Older adults' experiences of formal community-based care services in Sebokeng : implications for long-term care management
Rankin, Susanna Maryna
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South Africa’s older population is faced by far-reaching implications for long-term care. Informal long-term care is increasingly becoming less efficient in providing in their care needs. Families are rendered unable to care for their older family members by issues such as poverty, migration of younger adults, and HIV/AIDS. Non-communicable conditions such as diabetes and hypertension require life-long management and add to the financial strain families experience in providing long-term care for their older relatives. Residential care as formal long-term care option is not a viable solution either, as it is inaccessible to the majority of the older population. Formal long-term community care as a third option is advocated by South African policies and scholars alike. Even though formal long-term community care is perceived as a solution, studies show that community-based care poses some major challenges. There is, however, a gap in research, especially in South African literature, as to older adults’ grounded experiences of the current formal day care and home-based care services. The study undertook a grounded exploration of older adults’ experiences of current formal community-based care services in Sebokeng. This exploration aimed at addressing the gap between the ideal of formal community-care systems and delivery, and its effective implementation in practice. The secondary aim was to ascertain what the older adults from this group perceived as good care. The study was conducted using the interpretive descriptive design with an ethics of care approach as heuristic framework. In-depth interviews provided rich, descriptive data, which was then analysed using thematic analysis. The research sample consisted of 10 older adults making use of community day care services and 10 using community home-based care. Participants were between the ages of 63 and 85 and the group consisted of 15 women and 5 men. Findings showed that this group of older adults experience existing formal community-based care as fragmented and inadequate in meeting their care needs. Older adults address this care deficiency by making use of other forms of care such as informal care provided by family, friends or neighbours, and care from other community institutions (such as churches). Findings on what older adults regard as good care showed that there are four care principles to good care: access to resources, infrastructure and good care; attentiveness and responsiveness; companionship, and dignity. These four principles broadly correspond with the conceptualisation of good care in the ethics of care approaches. The study concluded that long-term care for older adults should be provided and managed by government in partnership with communities (in support of family/informal care). For long-term programmes to provide good care, an ethics of care approach could be used to ensure that the needs of older adults are adequately and wholly met in a relational and situational manner.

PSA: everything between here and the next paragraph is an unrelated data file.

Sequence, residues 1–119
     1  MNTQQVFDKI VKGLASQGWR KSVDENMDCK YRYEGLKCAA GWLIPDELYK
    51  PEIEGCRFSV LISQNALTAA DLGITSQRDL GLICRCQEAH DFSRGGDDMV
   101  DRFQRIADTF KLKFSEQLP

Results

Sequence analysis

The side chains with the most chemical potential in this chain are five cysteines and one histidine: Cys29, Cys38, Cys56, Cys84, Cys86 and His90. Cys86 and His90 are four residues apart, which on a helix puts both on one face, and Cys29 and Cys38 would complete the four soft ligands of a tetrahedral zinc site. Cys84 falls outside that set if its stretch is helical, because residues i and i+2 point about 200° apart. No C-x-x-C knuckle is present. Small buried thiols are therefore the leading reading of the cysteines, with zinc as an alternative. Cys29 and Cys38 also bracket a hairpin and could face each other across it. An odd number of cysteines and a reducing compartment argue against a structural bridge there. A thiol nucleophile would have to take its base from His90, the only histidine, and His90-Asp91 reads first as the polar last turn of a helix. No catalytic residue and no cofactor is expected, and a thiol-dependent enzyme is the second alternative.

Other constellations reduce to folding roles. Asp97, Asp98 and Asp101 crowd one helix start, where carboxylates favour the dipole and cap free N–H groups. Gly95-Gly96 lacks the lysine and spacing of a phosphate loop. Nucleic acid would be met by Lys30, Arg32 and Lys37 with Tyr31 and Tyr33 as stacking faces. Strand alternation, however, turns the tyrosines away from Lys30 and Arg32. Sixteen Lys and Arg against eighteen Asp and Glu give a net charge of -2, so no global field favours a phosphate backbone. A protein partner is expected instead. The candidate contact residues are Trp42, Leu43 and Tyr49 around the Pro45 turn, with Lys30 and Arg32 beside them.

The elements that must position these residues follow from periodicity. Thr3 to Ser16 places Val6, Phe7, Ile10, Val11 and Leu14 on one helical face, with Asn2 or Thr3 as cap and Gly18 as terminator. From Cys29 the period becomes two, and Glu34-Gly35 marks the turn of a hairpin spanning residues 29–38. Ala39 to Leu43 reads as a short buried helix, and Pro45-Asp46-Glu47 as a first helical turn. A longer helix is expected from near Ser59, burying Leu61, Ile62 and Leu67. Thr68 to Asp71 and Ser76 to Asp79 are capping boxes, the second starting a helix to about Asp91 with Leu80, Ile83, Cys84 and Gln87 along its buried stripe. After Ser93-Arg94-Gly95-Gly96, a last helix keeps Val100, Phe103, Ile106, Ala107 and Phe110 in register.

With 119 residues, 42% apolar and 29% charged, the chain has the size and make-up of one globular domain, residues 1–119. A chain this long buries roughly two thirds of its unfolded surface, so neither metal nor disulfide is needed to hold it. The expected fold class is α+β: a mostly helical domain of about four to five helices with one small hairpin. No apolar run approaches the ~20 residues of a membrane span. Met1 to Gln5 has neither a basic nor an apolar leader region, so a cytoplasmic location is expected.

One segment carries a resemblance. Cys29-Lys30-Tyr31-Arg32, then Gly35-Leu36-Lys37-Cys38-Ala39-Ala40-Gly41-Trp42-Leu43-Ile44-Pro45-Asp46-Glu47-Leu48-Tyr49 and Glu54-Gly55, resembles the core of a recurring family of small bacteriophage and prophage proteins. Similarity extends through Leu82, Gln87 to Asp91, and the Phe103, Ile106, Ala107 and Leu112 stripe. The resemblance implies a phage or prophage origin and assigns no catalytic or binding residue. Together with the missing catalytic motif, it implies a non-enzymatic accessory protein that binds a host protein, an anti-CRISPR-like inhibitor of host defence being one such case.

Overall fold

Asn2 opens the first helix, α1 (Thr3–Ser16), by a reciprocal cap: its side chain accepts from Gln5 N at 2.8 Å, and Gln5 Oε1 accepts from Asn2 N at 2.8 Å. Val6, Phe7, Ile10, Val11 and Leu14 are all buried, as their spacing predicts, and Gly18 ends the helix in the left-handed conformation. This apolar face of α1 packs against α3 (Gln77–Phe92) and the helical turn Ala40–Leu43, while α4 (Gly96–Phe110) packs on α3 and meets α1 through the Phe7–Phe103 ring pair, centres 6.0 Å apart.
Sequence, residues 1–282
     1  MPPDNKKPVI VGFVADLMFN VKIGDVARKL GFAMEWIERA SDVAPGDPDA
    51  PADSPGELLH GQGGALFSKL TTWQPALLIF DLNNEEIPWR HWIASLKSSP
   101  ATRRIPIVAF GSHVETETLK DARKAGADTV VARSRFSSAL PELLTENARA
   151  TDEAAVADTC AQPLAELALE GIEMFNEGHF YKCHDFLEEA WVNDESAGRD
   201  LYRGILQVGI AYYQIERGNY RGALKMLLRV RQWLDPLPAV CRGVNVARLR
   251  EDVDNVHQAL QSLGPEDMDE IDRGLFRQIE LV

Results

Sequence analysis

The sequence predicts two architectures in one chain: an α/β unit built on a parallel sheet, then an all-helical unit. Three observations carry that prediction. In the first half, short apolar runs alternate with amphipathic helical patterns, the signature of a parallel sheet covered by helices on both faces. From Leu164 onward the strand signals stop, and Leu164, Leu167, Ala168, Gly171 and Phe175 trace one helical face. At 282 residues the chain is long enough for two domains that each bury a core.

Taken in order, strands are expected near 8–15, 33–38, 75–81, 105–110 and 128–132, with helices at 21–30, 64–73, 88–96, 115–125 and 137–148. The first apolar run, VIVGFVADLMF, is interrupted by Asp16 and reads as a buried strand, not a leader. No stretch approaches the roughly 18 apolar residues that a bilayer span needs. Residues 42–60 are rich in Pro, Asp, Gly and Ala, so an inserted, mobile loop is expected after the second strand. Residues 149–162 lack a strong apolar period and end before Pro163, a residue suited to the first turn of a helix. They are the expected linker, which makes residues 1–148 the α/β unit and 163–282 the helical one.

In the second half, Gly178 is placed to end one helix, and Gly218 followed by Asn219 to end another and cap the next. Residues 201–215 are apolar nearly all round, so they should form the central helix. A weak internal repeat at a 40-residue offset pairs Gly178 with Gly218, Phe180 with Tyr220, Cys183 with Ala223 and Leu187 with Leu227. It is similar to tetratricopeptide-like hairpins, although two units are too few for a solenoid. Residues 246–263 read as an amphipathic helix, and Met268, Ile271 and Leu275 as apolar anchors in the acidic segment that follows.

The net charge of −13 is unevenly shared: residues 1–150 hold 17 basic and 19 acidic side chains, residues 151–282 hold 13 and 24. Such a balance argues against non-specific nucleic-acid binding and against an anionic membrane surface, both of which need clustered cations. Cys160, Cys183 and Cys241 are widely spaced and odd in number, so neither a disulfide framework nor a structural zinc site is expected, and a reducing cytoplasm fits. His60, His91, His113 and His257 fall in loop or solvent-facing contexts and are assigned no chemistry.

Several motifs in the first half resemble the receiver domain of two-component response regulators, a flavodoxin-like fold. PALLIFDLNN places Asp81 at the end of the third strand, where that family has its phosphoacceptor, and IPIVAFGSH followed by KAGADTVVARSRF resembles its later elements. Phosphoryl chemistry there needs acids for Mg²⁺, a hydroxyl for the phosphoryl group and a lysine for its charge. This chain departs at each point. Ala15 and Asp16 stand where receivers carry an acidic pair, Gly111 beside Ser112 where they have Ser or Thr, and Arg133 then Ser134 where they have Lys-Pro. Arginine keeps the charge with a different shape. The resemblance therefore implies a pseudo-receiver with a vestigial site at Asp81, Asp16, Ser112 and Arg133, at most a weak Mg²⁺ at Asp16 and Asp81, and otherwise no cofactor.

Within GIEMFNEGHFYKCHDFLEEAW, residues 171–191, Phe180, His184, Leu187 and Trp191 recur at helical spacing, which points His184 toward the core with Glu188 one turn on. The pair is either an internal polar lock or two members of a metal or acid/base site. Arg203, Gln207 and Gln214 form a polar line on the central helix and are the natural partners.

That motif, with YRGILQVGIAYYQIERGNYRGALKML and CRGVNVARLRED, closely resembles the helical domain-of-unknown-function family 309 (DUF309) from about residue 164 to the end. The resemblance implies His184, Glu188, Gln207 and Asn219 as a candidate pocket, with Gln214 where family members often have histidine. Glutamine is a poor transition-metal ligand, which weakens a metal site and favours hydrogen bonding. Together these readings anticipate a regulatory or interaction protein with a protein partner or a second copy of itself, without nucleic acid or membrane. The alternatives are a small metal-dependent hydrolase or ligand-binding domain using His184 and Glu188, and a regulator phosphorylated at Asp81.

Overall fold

- Health Sciences